On a page with multiple videos, such as this one, I like to start each one and pause it until all of them have loaded, then come back a few minutes later and watch them. Waiting for the larger HD versions is well worth it.



About the Author:

I'm your host, Tim Warris, a product developer in Port Dover, Ontario. Since March of 2007 I have been documenting the construction of the former CNJ Bronx Terminal in HO scale. For my day job, I design track building tools for Fast Tracks, a small company I own and operate. Fast Tracks makes it fast and easy to hand lay your own trackwork. Stop by our website to learn more!

Posted by: Tim | 03-31-2009 | 10:03 AM
Posted in: Latest Posts | Video


  1. Tim, excellent design with your bench work, and I still want some of those boxes you made to transport your rolling stock, but in N scale.

    Comment by Chris Brimley — March 31, 2009 @ 2:53 pm
  2. Great job Tim! I was lucky enough to get a good look at it that morning and I have to say I was very impressed. I only hope that my hand laid track will look like that when I start. I watched one of the above videos and I honestly had not realized that the table top came in several pieces. I thought I gave that a pretty good look over when I was there and you can’t tell unless you really look hard! Great work!

    Comment by Jim H. — March 31, 2009 @ 4:37 pm
  3. Ah – fitting the layout into the van explains the crazy cuts & sizing. Not much wiggle room. I hadn’t considered that when you added the water wing piece.

    It’s amazing how many people were leaning on the layout like a sushi bar.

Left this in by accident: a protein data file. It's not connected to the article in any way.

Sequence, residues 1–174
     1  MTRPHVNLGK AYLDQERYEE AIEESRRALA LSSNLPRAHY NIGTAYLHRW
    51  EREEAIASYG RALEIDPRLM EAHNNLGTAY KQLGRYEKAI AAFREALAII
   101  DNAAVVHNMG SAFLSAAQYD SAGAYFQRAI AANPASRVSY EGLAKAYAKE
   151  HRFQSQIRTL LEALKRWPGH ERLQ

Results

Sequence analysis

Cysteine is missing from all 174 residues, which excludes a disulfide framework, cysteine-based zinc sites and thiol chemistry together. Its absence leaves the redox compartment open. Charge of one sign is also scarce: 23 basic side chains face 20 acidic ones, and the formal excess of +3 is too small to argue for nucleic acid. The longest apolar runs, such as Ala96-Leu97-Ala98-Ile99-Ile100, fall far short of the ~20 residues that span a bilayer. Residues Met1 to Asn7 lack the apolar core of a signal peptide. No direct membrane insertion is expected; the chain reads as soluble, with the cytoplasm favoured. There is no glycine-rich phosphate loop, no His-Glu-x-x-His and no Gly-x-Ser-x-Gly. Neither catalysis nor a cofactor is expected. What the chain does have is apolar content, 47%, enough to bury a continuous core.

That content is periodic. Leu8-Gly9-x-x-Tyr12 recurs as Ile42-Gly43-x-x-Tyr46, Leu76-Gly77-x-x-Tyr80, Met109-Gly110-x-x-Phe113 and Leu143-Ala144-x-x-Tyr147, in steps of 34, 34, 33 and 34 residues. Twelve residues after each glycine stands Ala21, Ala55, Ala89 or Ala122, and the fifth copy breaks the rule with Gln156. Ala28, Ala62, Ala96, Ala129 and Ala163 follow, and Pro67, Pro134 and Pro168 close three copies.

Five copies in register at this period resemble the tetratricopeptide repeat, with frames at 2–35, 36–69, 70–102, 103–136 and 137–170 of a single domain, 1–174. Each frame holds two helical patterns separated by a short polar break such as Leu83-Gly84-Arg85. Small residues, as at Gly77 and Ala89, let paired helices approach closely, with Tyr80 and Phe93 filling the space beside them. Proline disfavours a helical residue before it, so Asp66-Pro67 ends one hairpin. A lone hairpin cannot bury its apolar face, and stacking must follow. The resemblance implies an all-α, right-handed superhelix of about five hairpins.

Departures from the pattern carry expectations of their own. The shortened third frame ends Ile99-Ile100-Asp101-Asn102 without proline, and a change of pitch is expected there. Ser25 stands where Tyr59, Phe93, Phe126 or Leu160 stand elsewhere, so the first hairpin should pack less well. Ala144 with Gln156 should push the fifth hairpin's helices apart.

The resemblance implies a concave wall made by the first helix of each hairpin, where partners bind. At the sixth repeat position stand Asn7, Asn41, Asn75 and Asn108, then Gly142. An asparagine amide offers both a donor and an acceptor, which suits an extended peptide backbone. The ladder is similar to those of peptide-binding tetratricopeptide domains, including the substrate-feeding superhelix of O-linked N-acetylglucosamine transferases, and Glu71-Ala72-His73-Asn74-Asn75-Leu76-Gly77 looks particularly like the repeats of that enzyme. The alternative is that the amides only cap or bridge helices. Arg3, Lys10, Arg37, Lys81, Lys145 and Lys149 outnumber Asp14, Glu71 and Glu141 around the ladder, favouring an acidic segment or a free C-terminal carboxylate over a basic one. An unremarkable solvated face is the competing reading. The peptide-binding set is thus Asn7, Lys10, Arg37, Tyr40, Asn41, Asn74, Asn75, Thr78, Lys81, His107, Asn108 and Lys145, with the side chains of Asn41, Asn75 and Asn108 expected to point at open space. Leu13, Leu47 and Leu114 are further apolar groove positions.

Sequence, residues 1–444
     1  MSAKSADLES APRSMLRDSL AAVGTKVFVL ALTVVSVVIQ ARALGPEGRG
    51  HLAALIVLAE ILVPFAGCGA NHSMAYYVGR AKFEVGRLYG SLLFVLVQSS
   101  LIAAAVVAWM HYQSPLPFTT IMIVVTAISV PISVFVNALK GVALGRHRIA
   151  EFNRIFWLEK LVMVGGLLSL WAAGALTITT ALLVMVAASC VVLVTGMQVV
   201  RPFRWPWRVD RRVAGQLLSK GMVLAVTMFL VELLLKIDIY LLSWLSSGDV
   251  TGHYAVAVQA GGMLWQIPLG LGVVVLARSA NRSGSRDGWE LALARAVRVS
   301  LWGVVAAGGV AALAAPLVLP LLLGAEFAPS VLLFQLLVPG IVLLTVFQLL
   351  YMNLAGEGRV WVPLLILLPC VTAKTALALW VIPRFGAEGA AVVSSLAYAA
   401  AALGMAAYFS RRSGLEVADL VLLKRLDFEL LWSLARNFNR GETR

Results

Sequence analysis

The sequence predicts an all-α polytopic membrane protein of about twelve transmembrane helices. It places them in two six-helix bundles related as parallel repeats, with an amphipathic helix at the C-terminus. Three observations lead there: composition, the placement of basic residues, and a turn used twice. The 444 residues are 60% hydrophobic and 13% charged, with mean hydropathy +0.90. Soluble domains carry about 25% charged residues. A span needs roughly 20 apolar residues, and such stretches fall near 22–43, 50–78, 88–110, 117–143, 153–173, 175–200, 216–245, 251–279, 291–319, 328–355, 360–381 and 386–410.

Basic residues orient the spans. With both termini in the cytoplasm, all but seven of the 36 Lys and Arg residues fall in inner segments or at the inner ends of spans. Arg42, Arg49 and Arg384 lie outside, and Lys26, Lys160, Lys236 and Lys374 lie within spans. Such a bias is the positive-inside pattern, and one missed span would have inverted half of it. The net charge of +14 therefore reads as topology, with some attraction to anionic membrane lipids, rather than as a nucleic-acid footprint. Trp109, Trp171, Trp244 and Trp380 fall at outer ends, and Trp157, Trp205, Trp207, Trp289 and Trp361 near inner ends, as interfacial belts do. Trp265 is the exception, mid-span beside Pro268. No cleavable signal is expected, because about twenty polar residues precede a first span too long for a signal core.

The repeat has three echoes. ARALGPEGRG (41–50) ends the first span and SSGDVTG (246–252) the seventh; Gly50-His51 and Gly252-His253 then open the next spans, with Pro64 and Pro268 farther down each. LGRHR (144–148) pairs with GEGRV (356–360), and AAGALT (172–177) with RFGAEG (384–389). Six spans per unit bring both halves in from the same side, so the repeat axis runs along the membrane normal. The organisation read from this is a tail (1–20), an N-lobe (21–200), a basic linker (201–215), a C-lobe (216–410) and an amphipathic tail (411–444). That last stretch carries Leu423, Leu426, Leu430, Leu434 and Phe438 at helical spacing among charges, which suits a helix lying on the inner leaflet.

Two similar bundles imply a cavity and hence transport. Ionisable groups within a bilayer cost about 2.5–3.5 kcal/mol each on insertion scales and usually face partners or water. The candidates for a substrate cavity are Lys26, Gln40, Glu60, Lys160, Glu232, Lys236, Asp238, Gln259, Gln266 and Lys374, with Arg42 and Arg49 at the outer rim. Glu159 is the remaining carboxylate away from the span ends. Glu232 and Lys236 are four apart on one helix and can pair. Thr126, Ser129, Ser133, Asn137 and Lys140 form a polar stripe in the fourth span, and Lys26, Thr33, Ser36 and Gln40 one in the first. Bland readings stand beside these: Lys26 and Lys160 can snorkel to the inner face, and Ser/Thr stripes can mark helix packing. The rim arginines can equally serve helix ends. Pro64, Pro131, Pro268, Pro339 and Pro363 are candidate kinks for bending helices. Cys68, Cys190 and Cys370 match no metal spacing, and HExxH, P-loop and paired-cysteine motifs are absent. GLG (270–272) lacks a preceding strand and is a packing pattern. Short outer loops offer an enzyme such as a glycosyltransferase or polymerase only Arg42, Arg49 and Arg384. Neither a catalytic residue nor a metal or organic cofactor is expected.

Thanks for sharing via video – it looks like you’re having as much fun with that as you are with the modeling!

    Comment by Chris Arsenault — March 31, 2009 @ 8:14 pm
  4. Wow, great job on the videos Tim. I really helps see what you have done and how you can share it with others. I am enjoying visiting the Bronx Terminal, it has been a fascinating journey and I can’t wait to see even more.

    Comment by Mike Young — April 1, 2009 @ 8:10 pm
  5. Great job — thanks for sharing. Wish I could have attended the meet.

    I’d like ot get in touch with John Cantwell – -I like his Kaslo & Slocan and would like to see more.

    Bill Uffelman
    Usually Las Vegas NV

    Comment by Bill Uffelman — April 4, 2009 @ 6:20 pm
  6. Tim, watching the videos made me wonder if the box sides are structural; and if not what about trying some other types of fixing them to the legs? What sprongs to mind are the magnet door latches made for joinery purposes and often seen on kitchen cupboards etc.
    This would save you a few minutes in stup, as they would just “pop” on and off, saving your back and the occasional bump on the head too 🙂

    Comment by Iain Kennedy — April 6, 2009 @ 1:47 am

Comments RSS TrackBack URI


Leave a comment